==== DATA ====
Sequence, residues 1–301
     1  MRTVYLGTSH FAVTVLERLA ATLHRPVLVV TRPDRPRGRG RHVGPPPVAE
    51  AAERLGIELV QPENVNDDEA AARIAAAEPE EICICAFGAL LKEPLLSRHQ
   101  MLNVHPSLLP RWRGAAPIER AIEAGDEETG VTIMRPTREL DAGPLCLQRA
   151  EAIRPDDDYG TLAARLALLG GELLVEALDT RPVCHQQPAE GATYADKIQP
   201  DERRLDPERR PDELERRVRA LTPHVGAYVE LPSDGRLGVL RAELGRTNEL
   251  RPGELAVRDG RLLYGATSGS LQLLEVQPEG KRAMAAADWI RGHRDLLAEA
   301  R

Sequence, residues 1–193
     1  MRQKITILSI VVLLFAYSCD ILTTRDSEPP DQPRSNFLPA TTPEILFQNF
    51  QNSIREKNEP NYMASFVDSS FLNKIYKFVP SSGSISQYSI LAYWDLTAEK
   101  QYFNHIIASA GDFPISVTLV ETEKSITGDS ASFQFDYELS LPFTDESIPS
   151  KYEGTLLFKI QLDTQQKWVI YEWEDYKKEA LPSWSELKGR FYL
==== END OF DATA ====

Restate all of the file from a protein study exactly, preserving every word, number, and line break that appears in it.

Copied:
Sequence, residues 1–301
     1  MRTVYLGTSH FAVTVLERLA ATLHRPVLVV TRPDRPRGRG RHVGPPPVAE
    51  AAERLGIELV QPENVNDDEA AARIAAAEPE EICICAFGAL LKEPLLSRHQ
   101  MLNVHPSLLP RWRGAAPIER AIEAGDEETG VTIMRPTREL DAGPLCLQRA
   151  EAIRPDDDYG TLAARLALLG GELLVEALDT RPVCHQQPAE GATYADKIQP
   201  DERRLDPERR PDELERRVRA LTPHVGAYVE LPSDGRLGVL RAELGRTNEL
   251  RPGELAVRDG RLLYGATSGS LQLLEVQPEG KRAMAAADWI RGHRDLLAEA
   301  R

Sequence, residues 1–193
     1  MRQKITILSI VVLLFAYSCD ILTTRDSEPP DQPRSNFLPA TTPEILFQNF
    51  QNSIREKNEP NYMASFVDSS FLNKIYKFVP SSGSISQYSI LAYWDLTAEK
   101  QYFNHIIASA GDFPISVTLV ETEKSITGDS ASFQFDYELS LPFTDESIPS
   151  KYEGTLLFKI QLDTQQKWVI YEWEDYKKEA LPSWSELKGR FYL